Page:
The European Union has lowered the maximum levels of zinc that may be added to feeds for farmed animals.

The new regulation – 2016/1095 – sets the upper limit for complete feed at 180 mg zinc per kg of complete feed for salmonids and calf milk replacers; 150mg/kg for piglets, sows, rabbits and other fish; and 120mg/kg for other species and classes of animal.

Coming into force on July 27, 2016, this regulation replaces an earlier one from 2003, which allows up to 200 mg zinc per kg of complete feed for fish and calf milk replacers, and 150 mg/kg in other feeds.

Concern over environmental impact of excessive zinc

Lowering the levels of zinc in animal feeds was recommended by the European Food Safety Authority (EFSA) in May 2014, to ensure consumer safety, animal health and welfare, and no adverse effects on animal productivity.

EFSA carried out its review because of concerns raised about the possible role of excessive levels of zinc from food-producing animals causing environmental damage in drainage systems and surface water that could be hard to remediate. Furthermore, EFSA stated, the now-widespread inclusion of the feed enzyme phytase in feeds for pigs increases the availability of zinc in some feedstuffs.


With this background, EFSA reviewed the zinc requirements of food-producing and companion animals, the zinc concentration of feed materials, and then the calculated background zinc concentration of complete feed.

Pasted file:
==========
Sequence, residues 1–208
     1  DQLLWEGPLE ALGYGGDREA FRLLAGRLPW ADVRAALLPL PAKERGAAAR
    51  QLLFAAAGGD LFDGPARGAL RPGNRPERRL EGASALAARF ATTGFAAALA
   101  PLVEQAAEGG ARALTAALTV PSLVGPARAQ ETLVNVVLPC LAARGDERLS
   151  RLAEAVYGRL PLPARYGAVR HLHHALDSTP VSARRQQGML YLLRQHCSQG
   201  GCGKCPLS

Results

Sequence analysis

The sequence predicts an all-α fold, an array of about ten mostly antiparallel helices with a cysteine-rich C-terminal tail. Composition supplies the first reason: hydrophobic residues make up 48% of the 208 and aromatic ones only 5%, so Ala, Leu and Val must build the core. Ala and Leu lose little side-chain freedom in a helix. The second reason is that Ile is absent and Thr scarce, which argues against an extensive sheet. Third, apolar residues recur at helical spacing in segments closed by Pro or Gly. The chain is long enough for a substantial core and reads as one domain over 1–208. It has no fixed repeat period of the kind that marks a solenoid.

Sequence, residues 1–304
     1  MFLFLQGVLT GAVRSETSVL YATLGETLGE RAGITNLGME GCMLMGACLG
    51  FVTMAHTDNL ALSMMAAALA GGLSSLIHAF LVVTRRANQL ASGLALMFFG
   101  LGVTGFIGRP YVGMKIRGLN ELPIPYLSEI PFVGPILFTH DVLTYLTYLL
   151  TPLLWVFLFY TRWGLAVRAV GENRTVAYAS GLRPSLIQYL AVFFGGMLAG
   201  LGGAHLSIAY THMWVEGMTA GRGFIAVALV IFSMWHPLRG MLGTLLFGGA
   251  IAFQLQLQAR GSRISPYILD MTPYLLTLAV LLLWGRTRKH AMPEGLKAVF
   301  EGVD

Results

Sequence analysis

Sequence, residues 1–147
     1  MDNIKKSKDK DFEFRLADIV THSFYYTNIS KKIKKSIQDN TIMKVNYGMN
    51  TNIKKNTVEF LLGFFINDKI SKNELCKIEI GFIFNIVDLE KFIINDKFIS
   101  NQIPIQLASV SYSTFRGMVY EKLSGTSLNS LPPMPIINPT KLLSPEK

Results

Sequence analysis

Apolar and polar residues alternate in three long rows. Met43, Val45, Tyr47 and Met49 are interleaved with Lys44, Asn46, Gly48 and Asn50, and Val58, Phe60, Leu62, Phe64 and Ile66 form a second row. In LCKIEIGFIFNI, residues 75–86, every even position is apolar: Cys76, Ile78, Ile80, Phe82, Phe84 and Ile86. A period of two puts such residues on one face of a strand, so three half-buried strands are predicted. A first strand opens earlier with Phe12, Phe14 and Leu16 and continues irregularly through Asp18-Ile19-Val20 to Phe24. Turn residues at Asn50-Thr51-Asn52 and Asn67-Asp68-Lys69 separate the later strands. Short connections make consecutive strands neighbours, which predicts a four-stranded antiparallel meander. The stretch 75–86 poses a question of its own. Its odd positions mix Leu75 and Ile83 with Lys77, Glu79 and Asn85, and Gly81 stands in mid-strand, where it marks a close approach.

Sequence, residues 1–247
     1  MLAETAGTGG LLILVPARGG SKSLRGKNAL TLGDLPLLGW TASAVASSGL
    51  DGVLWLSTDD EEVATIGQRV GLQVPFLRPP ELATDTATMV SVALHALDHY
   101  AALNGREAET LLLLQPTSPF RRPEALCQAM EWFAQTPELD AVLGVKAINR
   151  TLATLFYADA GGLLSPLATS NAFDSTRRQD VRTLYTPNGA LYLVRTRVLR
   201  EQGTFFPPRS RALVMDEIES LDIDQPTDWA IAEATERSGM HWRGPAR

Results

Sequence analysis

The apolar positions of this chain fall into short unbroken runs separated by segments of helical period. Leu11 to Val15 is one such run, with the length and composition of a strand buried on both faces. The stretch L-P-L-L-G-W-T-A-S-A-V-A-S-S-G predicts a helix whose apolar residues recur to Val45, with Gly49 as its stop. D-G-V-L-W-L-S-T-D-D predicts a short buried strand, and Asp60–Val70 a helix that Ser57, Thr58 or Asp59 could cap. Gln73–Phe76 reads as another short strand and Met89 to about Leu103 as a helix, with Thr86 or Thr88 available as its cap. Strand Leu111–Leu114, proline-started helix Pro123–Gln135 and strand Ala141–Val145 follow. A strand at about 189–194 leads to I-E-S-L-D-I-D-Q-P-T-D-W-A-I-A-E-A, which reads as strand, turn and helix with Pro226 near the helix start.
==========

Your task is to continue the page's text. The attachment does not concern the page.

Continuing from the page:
This analysis supported the possibility of a considerable reduction in authorized maximum concentration for total zinc in feed, it concluded. EFSA proposed total maximum contents at 150 mg zinc per kg in complete feed for piglets, sows, rabbits, salmonids, cats and dogs; 120 mg/kg in complete feed for turkeys for fattening; and 100mg/kg in complete feed for all other species and categories. These changes would result in an overall reduction of zinc emissions from animal production of about 20 percent, EFSA calculated.


Under the new regulation, authorized zinc compounds and premixes containing them, which are produced and labeled before January 20, 2017, in accordance with the rules applicable before July 27, 2016, may be sold and used until existing stocks are exhausted.

Those same products that are manufactured and labeled before July 27, 2017, in accordance with the rules applicable before July 27, 2016, may still be placed on the market and used until existing stocks are exhausted if they are intended for food-producing animals. For non-food producing animals, production of these products can continue for another year, until July 27, 2018.

As well as changes to the maximum levels for zinc in feeds, the new regulation also covers the authorization of zinc additives to animal feeds.